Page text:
Amina Ali had only been the Labour Party parliamentary candidate for Bradford West for three days before she tweeted her intention to stand down on February 25. While the tweet was later deleted, the next day she released a statement confirming her withdrawal from the contest.
Her explanation invoked personal reasons, but that was met with scepticism: the incumbent MP, Respect’s George Galloway, chalked Ali’s resignation up to Labour Party infighting.
Social media was ablaze with rumours of Machiavellian tactics, and the night of the long knives. But all the focus on personalities takes away from the real problem in Bradford West: the major parties have systematically failed to engage properly with minority communities, and have relied instead on self-appointed gatekeepers.
You scratch my back …
In 2012, Labour’s Imran Hussain lost the seat to Galloway, who swept into power with a stunning majority of more than 10,000.
What Galloway called the “Bradford Spring” in his 2012 victory speech was, according to him, the work of young Muslims of Pakistani descent rising up against a local political establishment dominated by biraderi, a system of kinship common in South Asia, especially strong in the rural Kashmiri communities from which the majority of Bradford’s Pakistani population is descended.
Biraderi networks can function as a system of welfare, helping individuals and families connect and share resources in times of hardship. Indeed, it was through chain migration, facilitated by kinship networks, that a significant population of Pakistanis ended up in urban centres in the UK in the first place.
Biraderi networks provided a buffer for new migrants, helping them find work and accommodation. By the 1970’s, these networks were embedded in the British political system in time for mainstream political parties to start courting minority votes after years of benign neglect.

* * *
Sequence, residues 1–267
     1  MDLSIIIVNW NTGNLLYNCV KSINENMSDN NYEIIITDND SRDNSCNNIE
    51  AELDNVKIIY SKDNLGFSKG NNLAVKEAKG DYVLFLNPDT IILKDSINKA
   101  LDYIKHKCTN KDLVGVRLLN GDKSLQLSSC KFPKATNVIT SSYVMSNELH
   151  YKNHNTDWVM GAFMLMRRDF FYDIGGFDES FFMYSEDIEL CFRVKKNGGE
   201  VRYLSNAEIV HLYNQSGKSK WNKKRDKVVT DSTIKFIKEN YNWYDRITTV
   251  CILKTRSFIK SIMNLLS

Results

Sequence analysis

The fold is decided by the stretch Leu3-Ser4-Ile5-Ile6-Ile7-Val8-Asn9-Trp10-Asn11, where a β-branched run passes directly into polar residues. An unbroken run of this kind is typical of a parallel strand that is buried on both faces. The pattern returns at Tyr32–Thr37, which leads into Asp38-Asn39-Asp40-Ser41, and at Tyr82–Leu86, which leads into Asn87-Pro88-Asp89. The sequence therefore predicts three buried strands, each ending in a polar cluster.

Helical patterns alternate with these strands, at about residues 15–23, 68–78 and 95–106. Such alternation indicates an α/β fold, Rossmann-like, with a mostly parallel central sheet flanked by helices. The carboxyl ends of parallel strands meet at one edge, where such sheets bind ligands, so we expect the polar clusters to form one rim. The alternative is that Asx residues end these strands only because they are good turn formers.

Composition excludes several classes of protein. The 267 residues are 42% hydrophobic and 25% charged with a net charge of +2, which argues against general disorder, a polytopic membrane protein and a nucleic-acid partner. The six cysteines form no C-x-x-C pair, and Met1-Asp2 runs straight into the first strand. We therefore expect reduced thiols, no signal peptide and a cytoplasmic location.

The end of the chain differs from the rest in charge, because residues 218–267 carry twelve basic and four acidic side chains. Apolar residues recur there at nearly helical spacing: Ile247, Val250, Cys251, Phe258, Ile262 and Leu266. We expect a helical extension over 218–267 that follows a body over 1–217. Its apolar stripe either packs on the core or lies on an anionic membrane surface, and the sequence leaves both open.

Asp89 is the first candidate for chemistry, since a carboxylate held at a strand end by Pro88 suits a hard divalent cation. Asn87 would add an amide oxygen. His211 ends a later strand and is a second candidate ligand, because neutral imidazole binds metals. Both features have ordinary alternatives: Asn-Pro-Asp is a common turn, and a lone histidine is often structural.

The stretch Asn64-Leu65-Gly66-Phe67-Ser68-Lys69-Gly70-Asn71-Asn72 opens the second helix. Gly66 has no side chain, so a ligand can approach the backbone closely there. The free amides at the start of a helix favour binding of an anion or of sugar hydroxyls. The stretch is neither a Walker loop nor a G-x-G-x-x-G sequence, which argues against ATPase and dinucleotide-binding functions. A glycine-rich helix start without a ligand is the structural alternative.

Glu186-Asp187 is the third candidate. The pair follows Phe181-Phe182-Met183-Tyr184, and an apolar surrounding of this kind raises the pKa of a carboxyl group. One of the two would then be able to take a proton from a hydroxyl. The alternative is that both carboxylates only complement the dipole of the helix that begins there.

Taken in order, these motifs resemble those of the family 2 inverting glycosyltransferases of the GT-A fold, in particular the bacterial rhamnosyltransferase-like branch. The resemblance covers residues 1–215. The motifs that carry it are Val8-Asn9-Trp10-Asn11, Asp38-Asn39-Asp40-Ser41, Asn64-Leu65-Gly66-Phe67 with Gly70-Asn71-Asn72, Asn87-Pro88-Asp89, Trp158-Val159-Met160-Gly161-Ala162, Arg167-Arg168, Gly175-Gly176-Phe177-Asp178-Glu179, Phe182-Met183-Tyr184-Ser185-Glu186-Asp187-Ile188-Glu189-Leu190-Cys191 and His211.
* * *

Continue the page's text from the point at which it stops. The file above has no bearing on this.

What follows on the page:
But instead of engaging with minority communities at the grassroots level, mainstream political parties have instead focused on building relationships with community leaders. In the case of Pakistanis, this was often with biradari elders. The relationships that resulted were pure patronage: prospective parliamentary candidates conferred status and local positions of influence on biraderi leaders or “clients”, who in return delivered community votes in solid blocs.
Many Pakistani communities traditionally observe a high standard of deference towards biraderi elders, and this lends itself to mass electoral mobilisation, as individuals (and families) take their lead on who to vote for from the elders.
… I’ll scratch yours
This system held sway for many years among the pioneer immigrant generation in concentrated areas such as Bradford – but cracks have now started to emerge.
Biraderi’s patriarchal and hierarchical nature has led to a number of Bradford’s British Pakistanis, especially young people and women, to feel increasingly disenfranchised from a local politics dominated by what has been termed locally as the “biraderi brigade”.
This is what made Galloway’s promise to curb the influence of biraderi in local politics such a key part of his 2012 by-election victory. Defeat came as a shock to the highly complacent local Labour Party, which had expected to sail to victory in Bradford as it had done in all the previous elections there.
Ever since Galloway’s spectacular victory, Labour has mounted a centrally planned effort to reclaim the seat. Ed Miliband paid a visit and vowed to clean up politics in the city. An all-women short-list was imposed – meaning Imran Hussain, who became the top target for Galloway’s anti-biraderi campaign, could not stand again.
This backfired somewhat when Hussain was selected as the official Labour Party candidate for the neighbouring constituency of Bradford East, standing against Liberal Democrat MP David Ward.
Too little, too late?
With Ali’s departure, the poisoned chalice is up for grabs once more. Miliband will once again make a trip up to Bradford on February 28, exactly one week after the party had thought it had wrapped up the selection process. But the effort may be too little, too late.
After decades of patronage, a generation of British Pakistani young people is disillusioned with the political process, a sentiment which matches young people in British society more widely. And in Bradford and places like it, people are doubly disillusioned – both with politicians in general and with the kinship networks deeply embedded in and entwined with local politics.
MPs and candidates will appear and disappear, be selected and step down, but the structural factor of patronage politics desperately needs to be addressed if younger British Pakistanis are ever to re-engage with politics. And that will require more than Miliband taking a Saturday afternoon stroll around town.